Two strikers were used in the current investigation. It was our intention to approximate the anatomical configuration of the hip region. The round striker was thought to be more closely approximate the greater trochanter of the femur. When a round striker hit a hard surface (as in baseline tests in Session I), the striker's stopping time is shorter (or the stopping distance is shorter). Basic laws of physics result in more force transmitted if the stopping time or distance is shorter. Therefore, a greater peak impact force will be recorded using a round striker for a given drop height when compared to a flat striker. On the other hand, when a round striker hit a soft surface such as the padding combination used in Session II, the curved surface extends the striker's stopping time (or increases the stopping distance) to reduce the peak impact. As a result, for a given drop height a smaller peak impact force is expected when using a round striker on a soft padding as long as the padding is not crushing down and “bottoming out.” For the Impact Condition #1, a smaller peak impact force was transmitted when the impact was delivered with the round striker for a given padding combination (
The testing of a thinner H1 honeycomb (H1b) layer was added to determine if a decrease in thickness (from 9 mm to 7 mm) would reduce the force attenuation capability. Using the 7 mm gray foam pads as the outer and inner layers, intuitively, it was expected that the thicker version of the same honeycomb material would transmit less peak force. However, this idea was only partially supported by the observed data (Table 3). For the Impact Condition #1, the thinner honeycomb transmitted lower peak impact force with the flat striker and greater peak force with the round striker when compared to the thicker honeycomb. However, as the impact energy increased, the thinner material tended to transmit more peak impact force, regardless of the striker type. Therefore, under the most realistic impact condition of the current investigation, there is no apparent difference between H1 and H1b in peak impact force attenuation. In fact, the thinner H1b honeycomb may be more ideal because it helps to reduce the overall thickness of the hip protector and promote user compliance.
The impact forces delivered with the lowest drop mass (3.18 kg) and lowest drop height (0.4 m) during the current investigations were believed to approximate realistic impact forces sustained during standing lateral falls. The material tested in the current investigation attenuated between 57.1 and 87.2% of the peak force delivered. In addition, many of the padding combinations reduced the peak impact force to values below a critical level known to cause hip fractures in elderly. Among different impact conditions, the FHF combinations using 7 mm gray foam pads as inner and outer layers consistently performed better than the other combinations in terms of peak impact force attenuation. Therefore, it is anticipated that a hip protector made with a gray-honeycomb-gray combination will be the most effective in preventing hip fractures during a fall. If a softer inner layer is needed for user comfort, padding combinations involving white and gray foam pads are capable of reducing the peak impact force to below the fracture threshold.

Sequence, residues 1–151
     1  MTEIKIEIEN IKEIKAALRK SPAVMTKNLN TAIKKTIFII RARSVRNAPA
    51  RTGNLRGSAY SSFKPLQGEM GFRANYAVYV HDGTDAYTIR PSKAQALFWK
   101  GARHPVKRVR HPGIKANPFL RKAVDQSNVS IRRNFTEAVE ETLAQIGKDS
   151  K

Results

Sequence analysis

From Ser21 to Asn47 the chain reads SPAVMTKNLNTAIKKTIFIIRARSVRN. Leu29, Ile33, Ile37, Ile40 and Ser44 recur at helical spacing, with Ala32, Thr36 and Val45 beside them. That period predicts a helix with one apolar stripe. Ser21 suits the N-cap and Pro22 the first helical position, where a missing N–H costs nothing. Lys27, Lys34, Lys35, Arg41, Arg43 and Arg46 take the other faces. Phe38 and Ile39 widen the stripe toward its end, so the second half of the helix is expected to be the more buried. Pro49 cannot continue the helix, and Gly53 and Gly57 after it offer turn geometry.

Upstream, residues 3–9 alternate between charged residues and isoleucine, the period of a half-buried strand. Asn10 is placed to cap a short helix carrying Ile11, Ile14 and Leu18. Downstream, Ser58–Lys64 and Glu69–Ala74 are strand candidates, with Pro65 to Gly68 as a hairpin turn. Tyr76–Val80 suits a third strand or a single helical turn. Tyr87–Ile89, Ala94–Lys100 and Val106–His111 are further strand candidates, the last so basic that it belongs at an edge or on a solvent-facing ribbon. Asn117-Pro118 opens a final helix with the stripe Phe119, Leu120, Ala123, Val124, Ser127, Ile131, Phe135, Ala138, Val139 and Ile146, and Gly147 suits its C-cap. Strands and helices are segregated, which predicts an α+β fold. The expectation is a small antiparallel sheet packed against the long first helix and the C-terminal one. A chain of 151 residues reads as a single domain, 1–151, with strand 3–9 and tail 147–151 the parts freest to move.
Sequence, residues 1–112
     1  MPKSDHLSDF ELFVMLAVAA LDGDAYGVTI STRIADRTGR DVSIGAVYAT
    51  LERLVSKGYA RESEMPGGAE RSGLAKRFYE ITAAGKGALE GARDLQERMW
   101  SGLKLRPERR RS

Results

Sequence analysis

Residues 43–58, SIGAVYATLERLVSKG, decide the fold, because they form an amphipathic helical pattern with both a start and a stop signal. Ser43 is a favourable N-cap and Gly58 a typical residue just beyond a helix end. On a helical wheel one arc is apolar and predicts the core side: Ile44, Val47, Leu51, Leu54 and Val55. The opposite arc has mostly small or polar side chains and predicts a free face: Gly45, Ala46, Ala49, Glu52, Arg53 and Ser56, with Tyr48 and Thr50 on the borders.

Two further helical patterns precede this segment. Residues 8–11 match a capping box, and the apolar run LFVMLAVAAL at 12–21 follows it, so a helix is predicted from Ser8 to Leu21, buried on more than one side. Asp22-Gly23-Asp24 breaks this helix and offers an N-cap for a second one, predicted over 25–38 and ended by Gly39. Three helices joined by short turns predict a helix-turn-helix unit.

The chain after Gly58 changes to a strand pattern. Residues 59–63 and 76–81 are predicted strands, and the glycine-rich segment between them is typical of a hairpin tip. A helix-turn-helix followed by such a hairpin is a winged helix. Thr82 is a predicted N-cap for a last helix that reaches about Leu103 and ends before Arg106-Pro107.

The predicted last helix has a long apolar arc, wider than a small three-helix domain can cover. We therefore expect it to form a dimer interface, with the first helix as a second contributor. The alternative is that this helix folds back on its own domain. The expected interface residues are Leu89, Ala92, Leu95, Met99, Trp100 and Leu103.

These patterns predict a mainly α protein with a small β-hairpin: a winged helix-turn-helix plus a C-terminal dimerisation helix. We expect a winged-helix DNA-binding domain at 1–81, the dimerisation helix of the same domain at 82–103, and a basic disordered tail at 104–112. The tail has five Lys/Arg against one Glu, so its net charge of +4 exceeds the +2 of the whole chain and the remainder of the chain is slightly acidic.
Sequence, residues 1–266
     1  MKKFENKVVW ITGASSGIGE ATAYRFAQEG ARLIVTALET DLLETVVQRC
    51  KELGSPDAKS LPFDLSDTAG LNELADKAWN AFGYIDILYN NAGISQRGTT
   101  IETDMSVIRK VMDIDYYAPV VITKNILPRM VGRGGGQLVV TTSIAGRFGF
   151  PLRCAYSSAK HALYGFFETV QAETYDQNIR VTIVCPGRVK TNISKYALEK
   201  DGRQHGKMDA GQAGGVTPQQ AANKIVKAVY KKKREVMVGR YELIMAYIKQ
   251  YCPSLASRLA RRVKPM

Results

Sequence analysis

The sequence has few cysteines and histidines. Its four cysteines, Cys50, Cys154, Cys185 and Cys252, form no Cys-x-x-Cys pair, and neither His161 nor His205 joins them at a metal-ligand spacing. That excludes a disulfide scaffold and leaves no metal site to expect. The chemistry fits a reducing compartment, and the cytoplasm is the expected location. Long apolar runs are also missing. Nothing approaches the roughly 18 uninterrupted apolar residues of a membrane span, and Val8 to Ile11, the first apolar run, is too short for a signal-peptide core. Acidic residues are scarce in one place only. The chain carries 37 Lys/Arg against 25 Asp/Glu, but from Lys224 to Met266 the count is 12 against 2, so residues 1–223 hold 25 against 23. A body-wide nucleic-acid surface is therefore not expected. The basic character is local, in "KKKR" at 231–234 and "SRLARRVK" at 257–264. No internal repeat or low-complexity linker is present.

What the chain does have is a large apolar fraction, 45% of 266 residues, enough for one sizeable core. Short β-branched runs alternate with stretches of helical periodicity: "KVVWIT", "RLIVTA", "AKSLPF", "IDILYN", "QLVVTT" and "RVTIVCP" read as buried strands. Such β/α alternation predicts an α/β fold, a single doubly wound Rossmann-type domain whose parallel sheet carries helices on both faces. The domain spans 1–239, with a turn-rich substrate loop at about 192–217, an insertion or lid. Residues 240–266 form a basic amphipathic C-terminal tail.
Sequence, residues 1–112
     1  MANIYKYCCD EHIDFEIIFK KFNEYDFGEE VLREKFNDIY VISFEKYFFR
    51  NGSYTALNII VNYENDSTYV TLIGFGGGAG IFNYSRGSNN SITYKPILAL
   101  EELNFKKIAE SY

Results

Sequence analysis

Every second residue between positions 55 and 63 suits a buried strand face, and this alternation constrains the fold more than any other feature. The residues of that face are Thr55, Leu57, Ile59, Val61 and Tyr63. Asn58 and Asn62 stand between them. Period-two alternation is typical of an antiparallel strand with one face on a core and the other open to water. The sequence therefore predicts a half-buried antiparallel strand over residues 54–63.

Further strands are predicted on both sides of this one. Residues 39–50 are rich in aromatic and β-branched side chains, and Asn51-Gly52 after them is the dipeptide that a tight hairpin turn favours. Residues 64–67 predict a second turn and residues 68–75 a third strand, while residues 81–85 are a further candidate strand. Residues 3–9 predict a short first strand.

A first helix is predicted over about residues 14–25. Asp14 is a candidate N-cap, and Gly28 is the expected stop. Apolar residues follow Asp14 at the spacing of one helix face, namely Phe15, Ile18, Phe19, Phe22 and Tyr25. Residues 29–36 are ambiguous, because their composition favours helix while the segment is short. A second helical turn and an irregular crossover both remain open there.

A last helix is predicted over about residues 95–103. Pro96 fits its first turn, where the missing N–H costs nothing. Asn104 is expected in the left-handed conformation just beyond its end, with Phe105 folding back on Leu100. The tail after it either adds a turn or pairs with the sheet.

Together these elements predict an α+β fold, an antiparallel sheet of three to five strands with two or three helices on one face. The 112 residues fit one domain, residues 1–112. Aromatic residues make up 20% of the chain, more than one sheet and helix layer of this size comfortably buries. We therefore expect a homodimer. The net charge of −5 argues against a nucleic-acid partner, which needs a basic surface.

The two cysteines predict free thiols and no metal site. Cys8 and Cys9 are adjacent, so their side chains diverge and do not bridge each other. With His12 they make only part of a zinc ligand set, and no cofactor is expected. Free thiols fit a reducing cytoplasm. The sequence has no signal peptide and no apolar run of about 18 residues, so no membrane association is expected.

Informal experimental trials of the embodiment of
Test subjects were selected by the heads of the physical and occupational therapy departments of two leading nursing home facilities in Canada. The first facility was in Nova Scotia. Several elderly people wore the pads in the undergarments for a few weeks. Everyone said that they were comfortable for daily wear and sleep wear. No one complained about the comfort.
One patient did fall while wearing the hip protector. This is what the therapist wrote:
l. Many elderly people feel that if they have a hip replacement, they don't need to wear hip protectors. Mr. B. is a testament to the fact that they absolutely do need to continue to wear hip protectors . . . the right hip protector, so the fracture won't happen again.”
Hard shell hip protectors may prevent hip fractures but will create another injury when the wearer falls on them, as they are hard and leave bruising and can cause lacerations of the skin, which can create infections. As the subject, Mr. B demonstrated, the hip protector of
Tests were also carried out with patients at a geriatric facility in Montreal, Quebec, Canada, named Maimonides. All participating patients showed compliance in wearing the hip protectors. The nursing facility staff appreciated the product and is looking forward to when they will be manufactured. No one fell at this facility using the prototype pads during this trial.
It was found that none of the trial users had discomfort when wearing the pads during the day or during their sleep. The pads are so light weight that they did not affect the trial users at all.
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|Cooperative Classification||A41D13/0506, A41D13/015, A41D31/005|
|European Classification||A41D13/05B, A41D31/00C8L, A41D13/015|
|May 18, 2009||AS||Assignment|
Owner name: COMFIHIPS, LLC, FLORIDA
Free format text: ASSIGNMENT OF ASSIGNORS INTEREST;ASSIGNORS:ONROT, MARTN PAUL;ONROT, IRIS GRANT;REEL/FRAME:022777/0347
Effective date: 20090504
|Apr 10, 2012||AS||Assignment|
Owner name: COMFIHIPS, LLC, FLORIDA
Free format text: CHANGE OF ADDRESS;ASSIGNOR:COMFIHIPS, LLC;REEL/FRAME:028031/0111
Effective date: 20111221
|Jul 17, 2012||CC||Certificate of correction|
|Sep 23, 2015||FPAY||Fee payment|
Year of fee payment: 4